The currently approved treatment options for chronic HBV infection are interferon and nucleoside analogues (NA). Interferon acts primarily as an immunomodulatory agent, while NAs have essentially antiviral effects. According to current consensus and guideline statements, treatment candidates are patients with active liver disease characterized by persistently elevated ALT levels and detectable HBV DNA (105 copy/mL) by most commercial assays, irrespective of their HBeAg/Ab status. These statements also concluded that HBeAg-negative inactive carriers do not need any treatment because of the absence of viral replication and liver injury. Also, patients in the immunotolerant phase should be followed up without treatment[18,19].
However, and in the light of the Risk Evaluation of Viremia Elevation and Associated Liver Disease study, a baseline high HBV DNA level was associated with a significant risk of hepatocellular carcinoma. These results led to the debate on whether a HBV infected person with normal liver enzymes, unremarkable liver histology, but with a detectable level of HBV DNA (high or low regardless the cutoff), should be treated with antiviral drugs or not[20,21].
As a rule, most of the current guidelines recommend that patients with moderate/severe inflammation or bridging fibrosis/cirrhosis must be treated. Also, they recommend liver biopsy for the grey zone of patients who do not meet the typical criteria, have a detectable level of HBV DNA and/or fluctuating or persistently elevated ALT. The presence of significant inflammation or bridging fibrosis/cirrhosis is an indication for treatment[22,23].
Hence, and in the light of the previous statements, we can assume that there are two options regarding the management of the immunotolerant phase; the “why wait” view and the “close follow up” view.
The “why wait” view adopts the option to treat all patients with a persistently high level of viral replication regardless of the phase of infection and relying only on the presence of detectable DNA levels. They rely on the high risk of cancer/cirrhosis development, considering the infection as not totally benign. Therefore, earlier treatment intervention may be beneﬁcial in preventing disease progression. A recently published study aimed to break this tolerance in children by treating a group of HBV-infected children in the immunotolerant phase with lamivudine and interferon and comparing them to an untreated group. They reported a cure rate in more than one-fifth of the studied cohort, a figure that is still primitive and not high.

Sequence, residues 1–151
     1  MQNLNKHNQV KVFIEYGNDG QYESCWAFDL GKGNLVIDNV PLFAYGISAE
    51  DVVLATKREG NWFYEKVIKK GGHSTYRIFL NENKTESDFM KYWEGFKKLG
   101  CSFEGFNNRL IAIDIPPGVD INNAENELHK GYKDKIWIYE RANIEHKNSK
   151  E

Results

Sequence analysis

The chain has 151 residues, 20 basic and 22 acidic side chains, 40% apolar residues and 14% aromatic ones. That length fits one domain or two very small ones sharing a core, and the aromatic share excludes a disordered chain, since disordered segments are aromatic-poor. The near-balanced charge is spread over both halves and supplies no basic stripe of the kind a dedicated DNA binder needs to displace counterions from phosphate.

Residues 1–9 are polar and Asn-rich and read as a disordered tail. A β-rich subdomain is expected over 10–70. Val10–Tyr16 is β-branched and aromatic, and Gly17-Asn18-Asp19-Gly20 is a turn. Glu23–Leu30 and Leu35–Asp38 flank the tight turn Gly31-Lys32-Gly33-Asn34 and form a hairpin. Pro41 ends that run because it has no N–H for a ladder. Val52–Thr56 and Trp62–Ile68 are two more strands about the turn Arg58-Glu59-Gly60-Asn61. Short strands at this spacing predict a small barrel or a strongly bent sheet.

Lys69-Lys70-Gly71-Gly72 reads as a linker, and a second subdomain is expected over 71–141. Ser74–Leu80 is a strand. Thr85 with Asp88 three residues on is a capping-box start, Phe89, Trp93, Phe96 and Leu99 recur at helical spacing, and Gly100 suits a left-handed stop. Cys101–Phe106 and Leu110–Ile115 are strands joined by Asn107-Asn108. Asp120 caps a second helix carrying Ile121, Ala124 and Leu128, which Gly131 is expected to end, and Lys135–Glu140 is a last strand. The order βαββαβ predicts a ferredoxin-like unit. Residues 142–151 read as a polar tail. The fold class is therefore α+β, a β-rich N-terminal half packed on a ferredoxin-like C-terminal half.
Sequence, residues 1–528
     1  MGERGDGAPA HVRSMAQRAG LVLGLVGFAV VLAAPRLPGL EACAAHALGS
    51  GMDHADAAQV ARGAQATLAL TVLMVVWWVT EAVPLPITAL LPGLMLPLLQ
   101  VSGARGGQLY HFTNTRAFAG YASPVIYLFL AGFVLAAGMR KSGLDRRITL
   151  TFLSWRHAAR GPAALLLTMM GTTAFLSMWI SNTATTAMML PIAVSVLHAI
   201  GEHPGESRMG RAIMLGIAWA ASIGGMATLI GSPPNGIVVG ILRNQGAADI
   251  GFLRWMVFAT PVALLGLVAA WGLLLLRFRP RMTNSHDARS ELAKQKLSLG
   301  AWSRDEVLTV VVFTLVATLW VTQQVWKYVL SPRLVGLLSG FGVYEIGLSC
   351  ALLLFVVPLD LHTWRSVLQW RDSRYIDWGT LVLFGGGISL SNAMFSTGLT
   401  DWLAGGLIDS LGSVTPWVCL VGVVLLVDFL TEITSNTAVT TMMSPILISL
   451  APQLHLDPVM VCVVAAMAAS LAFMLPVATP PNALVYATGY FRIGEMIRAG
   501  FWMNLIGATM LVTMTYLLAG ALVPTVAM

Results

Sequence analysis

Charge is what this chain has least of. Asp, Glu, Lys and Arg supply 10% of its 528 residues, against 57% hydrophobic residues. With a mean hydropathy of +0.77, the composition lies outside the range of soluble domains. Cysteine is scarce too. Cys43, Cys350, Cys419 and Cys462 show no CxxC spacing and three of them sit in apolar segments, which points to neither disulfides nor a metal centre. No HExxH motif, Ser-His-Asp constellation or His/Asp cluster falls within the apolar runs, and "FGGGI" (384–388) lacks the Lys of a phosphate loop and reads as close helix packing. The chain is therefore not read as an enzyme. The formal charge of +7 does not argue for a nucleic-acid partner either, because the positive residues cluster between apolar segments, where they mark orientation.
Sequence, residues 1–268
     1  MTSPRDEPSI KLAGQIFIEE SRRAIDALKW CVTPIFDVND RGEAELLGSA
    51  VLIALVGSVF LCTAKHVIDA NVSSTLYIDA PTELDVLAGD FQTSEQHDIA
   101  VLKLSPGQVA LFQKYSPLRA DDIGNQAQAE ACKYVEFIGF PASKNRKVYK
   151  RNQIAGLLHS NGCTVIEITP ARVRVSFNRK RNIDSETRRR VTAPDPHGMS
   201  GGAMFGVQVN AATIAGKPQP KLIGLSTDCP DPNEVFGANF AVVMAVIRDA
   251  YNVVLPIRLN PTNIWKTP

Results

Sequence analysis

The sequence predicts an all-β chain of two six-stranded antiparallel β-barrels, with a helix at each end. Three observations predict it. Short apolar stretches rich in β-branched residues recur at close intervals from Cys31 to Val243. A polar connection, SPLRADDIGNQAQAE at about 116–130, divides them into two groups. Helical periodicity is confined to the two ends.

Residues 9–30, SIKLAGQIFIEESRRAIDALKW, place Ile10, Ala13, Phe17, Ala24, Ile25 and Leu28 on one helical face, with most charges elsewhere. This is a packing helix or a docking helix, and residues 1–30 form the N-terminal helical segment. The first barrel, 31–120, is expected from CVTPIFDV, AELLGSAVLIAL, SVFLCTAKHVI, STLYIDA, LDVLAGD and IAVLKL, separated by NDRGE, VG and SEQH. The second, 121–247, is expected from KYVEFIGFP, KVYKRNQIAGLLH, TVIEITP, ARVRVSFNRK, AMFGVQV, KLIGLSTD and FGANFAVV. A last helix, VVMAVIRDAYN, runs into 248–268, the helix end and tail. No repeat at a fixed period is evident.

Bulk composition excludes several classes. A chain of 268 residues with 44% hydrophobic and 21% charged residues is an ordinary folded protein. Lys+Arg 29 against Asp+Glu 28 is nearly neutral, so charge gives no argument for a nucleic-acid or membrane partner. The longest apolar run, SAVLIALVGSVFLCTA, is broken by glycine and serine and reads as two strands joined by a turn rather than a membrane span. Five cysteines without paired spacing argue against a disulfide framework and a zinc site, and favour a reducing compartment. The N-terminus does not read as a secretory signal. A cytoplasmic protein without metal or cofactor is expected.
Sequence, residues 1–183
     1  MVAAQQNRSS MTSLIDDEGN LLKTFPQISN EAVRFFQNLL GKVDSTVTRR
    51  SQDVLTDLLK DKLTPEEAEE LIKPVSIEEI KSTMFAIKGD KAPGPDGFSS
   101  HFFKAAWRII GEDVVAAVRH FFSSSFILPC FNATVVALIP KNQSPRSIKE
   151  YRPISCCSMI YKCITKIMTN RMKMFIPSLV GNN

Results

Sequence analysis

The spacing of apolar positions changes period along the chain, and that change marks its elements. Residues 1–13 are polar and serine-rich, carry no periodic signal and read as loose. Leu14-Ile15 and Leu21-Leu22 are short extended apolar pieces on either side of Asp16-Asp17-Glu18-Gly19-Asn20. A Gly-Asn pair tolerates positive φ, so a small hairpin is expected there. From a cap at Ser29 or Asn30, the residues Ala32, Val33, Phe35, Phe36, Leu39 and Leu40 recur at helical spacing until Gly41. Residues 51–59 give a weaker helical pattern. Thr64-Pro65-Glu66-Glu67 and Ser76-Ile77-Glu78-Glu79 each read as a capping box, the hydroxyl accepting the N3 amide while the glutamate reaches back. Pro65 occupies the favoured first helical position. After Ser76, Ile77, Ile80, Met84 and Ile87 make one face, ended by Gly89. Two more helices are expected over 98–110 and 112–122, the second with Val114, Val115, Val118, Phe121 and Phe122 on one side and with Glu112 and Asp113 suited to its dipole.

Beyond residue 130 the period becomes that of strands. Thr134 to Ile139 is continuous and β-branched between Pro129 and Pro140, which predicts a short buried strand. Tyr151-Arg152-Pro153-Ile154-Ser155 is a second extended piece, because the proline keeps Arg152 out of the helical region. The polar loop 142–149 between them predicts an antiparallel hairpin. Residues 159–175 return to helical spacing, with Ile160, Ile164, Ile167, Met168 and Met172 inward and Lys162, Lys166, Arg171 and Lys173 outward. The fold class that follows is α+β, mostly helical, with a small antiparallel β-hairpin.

On the opposing side, another strong option exists and adopts the view of “wait and observe”. This view relies on some evidence. The first is the evidence of the benign long term course of the immunotolerant phase. The second is the pooled results of poor response to antiviral therapy in this unique phase, which hardly reaches 19%. The third is the proved emerging resistance on long term therapy. The last is a heavy cost burden of treatment.
Wong et al studied the risk of liver fibrosis progression in HBeAg-positive patients at different phases by recruiting two hundred and forty-seven HBeAg-positive patients without advanced fibrosis at baseline. They found that liver fibrosis progression is uncommon in HBeAg-positive patients and hence their results enforce the follow-up strategy.
As is known, the degree of fibrosis or inflammation on liver biopsy cannot be predicted by the level of HBV-DNA and ALT is also considered an imperfect surrogate marker for liver disease. Therefore, without evidence of normal liver histology, the definition of immunotolerant disease depends mainly on the persistence of a normal ALT level as a major determinant. Nevertheless and unfortunately, the definition of a “normal” ALT level has been redefined several times and was subjected to a strong debate. The study of Prati et al modified the normal upper limit for ALT to be 30 IU/mL for men and 19 IU/mL for women. Re-introducing these relatively low figures will endorse many more patients under the umbrella of raised ALT levels.
The most appropriate way to make this miss clear cut is to perform a liver biopsy. However, there are still some unanswered questions; e.g., what is the optimal timing of liver biopsy during the natural history of this phase, how many times and at what intervals should it be done, which drug is the best to start with, etc.
The use of therapeutic vaccines may also help to break the tolerance. In spite of its preliminary application, the published results of the study of Buchmann et al carry a great hope for a wide future applicability. They evaluated the potential use of a novel vaccine formulation, comprising particulate hepatitis B surface and core antigen and the saponin-based adjuvant, for its ability to stimulate T and B cell responses in C57BL/6 mice. Their results were promising and future intense research in this subject is deemed to be mandatory.
The immunotolerant phase of chronic HBV is a challenging problem, with an increasing awareness of its occurrence, especially in endemic areas. More intense studies are required for a better delineation of the pathogenesis and whether it is better is to break the tolerance or to wait for the natural clearance. Until then, the most suitable solution is to perform liver biopsy to stand on solid ground in choosing the best option, to wait or to interfere.
We are thankful to Dr. Helal F Hetta, (PhD), Department of Internal Medicine, Division of Digestive Diseases, University of Cincinnati, 231 Albert B. Sabin Way, Cincinnati, OH, for his assistance with manuscript preparation and English language editing.
P- Reviewers: Alavian SM, Quarleri J S- Editor: Gou SX L- Editor: Roemmele A E- Editor: Wu HL